Baseball’s doldrums – the time between Super Bowl and pitchers and catchers – is, check this year, case a holding-the-breath period. There’s a deal-brewing sense that some suspect team – the Dodgers, Tigers, Padres, Cubs, Marlins? – is about to pounce. That feeling persists, even after the long-awaited signing of James Shields (Padres); the Tigers must find an interim replacement for Victor Martinez, the Cubs and Marlins know they could be just a quality pitcher short of making the playoffs. And the Dodgers’ operations prez Andrew Friedman is overdue to perform deal-making magic for his new team. Whoever pulls the trigger on a trade has, so far, kept his plan secret, much as the Nationals did before signing premium free agent Max Scherzer.
Secrecy is the key to avoiding last-minute bidding wars for targeted players. In politics, it’s the way elected officials obscure votes or deals that may compromise them with their constituents. New York’s senior Senator Chuck Schumer is a master of such maneuvering. Except for calling every other day for more federal money for his state, or, in the past, for improved support for our troops in Iraq, he has avoided commenting on hot potatoes like, for example, the war itself. “Don’t risk alienating centrist voters” has long been his strategic game. Huffington Post’s Richard Kirsch did this official scoring on one of Schumer’s consistent plays, advancing the winning streak on Wall Street:
“Schumer embodies the contradictions that will tear the Democratic Party apart over the next two years. He understands the need to embrace a populist, progressive narrative and program, but his ties to Wall Street and big money lead him to blunt any real moves by Democrats to take a bold stand for working people against corporate power. The budget proposal to allow more government bailouts of banks that gamble with their depositors’ money was a huge lost opportunity for Democrats to paint Republicans as being on the side of the big banks that wrecked the economy. That opportunity was negated (in part) by… Schumer’s stealth maneuvers (widely known in Congress) to keep the Wall Street deal intact. As a result, the leaders of both parties demonstrated, as they’ve done before, that government is in fact on the side of the rich and powerful.”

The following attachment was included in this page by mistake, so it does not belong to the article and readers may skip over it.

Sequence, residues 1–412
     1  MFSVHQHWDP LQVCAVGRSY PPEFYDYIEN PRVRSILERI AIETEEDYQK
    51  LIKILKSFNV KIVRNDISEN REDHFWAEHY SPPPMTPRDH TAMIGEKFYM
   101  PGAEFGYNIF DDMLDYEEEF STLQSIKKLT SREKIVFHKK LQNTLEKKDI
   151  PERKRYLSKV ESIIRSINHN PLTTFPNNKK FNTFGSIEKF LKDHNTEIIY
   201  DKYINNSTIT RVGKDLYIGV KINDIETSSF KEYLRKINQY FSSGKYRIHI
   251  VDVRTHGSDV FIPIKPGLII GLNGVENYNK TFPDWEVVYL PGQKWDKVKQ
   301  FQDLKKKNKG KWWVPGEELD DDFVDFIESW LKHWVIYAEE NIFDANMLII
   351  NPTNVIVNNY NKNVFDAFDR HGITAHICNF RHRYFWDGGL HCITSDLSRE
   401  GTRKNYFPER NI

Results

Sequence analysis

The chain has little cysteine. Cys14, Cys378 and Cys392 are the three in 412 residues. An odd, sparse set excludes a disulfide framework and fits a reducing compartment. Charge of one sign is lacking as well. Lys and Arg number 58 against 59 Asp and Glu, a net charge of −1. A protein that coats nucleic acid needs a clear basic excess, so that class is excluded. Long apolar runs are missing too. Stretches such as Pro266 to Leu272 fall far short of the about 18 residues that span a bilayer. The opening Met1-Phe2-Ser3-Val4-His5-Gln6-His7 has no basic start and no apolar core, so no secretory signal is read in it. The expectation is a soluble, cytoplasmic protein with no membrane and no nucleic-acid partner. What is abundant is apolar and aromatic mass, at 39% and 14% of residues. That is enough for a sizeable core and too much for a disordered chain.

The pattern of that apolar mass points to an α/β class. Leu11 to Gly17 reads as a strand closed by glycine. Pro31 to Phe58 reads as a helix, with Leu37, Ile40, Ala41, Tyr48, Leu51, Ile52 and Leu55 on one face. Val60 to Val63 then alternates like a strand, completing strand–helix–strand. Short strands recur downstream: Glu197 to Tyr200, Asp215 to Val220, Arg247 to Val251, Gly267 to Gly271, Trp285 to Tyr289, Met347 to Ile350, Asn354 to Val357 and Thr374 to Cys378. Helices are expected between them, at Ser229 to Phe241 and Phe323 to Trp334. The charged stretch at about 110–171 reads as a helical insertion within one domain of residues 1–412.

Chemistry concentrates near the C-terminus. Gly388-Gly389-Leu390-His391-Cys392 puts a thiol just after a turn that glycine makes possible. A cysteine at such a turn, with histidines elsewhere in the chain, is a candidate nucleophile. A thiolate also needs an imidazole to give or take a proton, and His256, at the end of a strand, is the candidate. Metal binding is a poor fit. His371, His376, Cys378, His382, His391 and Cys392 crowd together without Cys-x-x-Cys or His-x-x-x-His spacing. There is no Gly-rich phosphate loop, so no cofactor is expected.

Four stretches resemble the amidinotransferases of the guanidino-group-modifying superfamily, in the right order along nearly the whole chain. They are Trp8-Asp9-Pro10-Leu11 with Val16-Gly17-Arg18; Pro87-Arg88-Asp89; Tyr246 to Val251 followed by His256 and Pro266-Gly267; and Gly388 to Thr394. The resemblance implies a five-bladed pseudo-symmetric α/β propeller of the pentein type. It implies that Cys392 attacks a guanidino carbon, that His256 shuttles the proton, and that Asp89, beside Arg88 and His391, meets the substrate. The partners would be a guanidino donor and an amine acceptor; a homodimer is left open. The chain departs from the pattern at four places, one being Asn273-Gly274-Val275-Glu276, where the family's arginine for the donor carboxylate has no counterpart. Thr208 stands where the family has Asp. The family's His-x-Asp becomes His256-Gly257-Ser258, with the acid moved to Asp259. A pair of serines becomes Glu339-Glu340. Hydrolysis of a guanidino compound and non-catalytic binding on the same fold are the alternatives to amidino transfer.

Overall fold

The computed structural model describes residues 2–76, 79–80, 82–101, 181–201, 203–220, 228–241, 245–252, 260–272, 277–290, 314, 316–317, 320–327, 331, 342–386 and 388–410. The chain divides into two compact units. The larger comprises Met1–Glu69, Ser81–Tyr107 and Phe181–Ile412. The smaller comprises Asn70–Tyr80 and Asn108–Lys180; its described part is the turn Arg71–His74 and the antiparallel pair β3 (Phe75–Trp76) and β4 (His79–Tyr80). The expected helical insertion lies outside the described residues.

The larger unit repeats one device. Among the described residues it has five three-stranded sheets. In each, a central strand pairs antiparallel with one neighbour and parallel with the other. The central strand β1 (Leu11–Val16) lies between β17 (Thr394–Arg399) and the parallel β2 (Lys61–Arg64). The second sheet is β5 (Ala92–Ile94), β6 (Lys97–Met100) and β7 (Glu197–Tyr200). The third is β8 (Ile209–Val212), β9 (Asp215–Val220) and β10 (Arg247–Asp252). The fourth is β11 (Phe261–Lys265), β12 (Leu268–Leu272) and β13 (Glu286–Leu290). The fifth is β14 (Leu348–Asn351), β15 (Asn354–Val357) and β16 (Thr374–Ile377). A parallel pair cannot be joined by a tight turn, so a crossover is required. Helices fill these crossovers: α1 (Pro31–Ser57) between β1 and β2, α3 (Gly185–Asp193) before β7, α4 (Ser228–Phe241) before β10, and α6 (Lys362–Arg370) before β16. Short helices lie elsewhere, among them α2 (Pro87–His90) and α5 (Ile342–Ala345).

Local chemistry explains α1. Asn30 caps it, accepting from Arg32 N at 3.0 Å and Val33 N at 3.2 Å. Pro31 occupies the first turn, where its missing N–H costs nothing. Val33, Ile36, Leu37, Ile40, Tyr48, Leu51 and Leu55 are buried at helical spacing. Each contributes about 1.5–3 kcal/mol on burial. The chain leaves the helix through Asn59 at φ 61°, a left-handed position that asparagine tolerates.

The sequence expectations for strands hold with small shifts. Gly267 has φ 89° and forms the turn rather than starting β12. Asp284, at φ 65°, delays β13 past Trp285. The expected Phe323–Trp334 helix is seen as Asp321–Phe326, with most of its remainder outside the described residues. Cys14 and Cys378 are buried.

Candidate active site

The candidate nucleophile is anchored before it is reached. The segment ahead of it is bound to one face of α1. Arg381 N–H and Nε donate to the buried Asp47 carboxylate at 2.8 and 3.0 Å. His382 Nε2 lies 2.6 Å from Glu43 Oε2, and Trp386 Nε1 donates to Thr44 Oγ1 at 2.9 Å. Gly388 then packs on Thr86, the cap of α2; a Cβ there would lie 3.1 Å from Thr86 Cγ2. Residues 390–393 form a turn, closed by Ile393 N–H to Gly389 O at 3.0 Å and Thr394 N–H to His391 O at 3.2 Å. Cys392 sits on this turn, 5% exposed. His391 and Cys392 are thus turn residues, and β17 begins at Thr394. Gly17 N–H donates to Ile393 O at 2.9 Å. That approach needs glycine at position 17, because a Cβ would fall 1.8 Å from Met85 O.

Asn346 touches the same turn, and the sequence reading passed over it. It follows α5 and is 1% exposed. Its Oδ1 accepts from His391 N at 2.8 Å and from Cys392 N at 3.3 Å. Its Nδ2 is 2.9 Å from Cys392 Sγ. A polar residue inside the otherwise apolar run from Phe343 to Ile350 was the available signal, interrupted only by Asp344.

A tutorial on the positioning of Senator “Where’s Charlie?” Schumer, as well as many of his teammates working the vote-count in the political game.
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Sorry, San Diego: Although the signing of James Shields, on top of the additions of Matt Kemp, Wil Myers and Justin Upton, lifts the Padres to a truly competitive level in the NL West, we offer this sobering prediction: San Diego will suffer the same fate as other dramatically reinforced teams. The recently made-over Dodgers, Marlins, Blue Jays and Oakland A’s discovered that a new mix of players needs more than a season to mesh.
Desperation: How desperate for material are the press box people during this late pre-season doldrums? One indication – the obviousness of the supposedly newsy disclosure that SF’s Tim Hudson plans to retire after this season. Hudson will be 40 this summer; he went 9-13 with the soon-to-be World Champion Giants in 2014, not including forgettable playoff performances that said “he’s through.” Nevertheless, Hudson has had a great 16-plus-years with Oakland, Atlanta, and, to a lesser extent, with the Giants.
Sell-Off Foreseen: More drawn-out media desperation can be found in the chatter over whether the Phillies will trade Cole Hamels. The ultimate 2015 destination of Hamels has been a consistent backdrop to the Whither Lester-Scherzer-Shields drama. The consensus now is that Hamels will be dealt during the season when some contending club finds itself with an emergency need for a top-of-rotation guy. Also possible, according to the grapevine, Cliff Lee will be dealt once he proves in spring training that he’s healthy.
(The Nub is a team effort skippered by Dick Starkey. Comments about blog issues are welcome. Previous Nubs may be found by scrolling below.)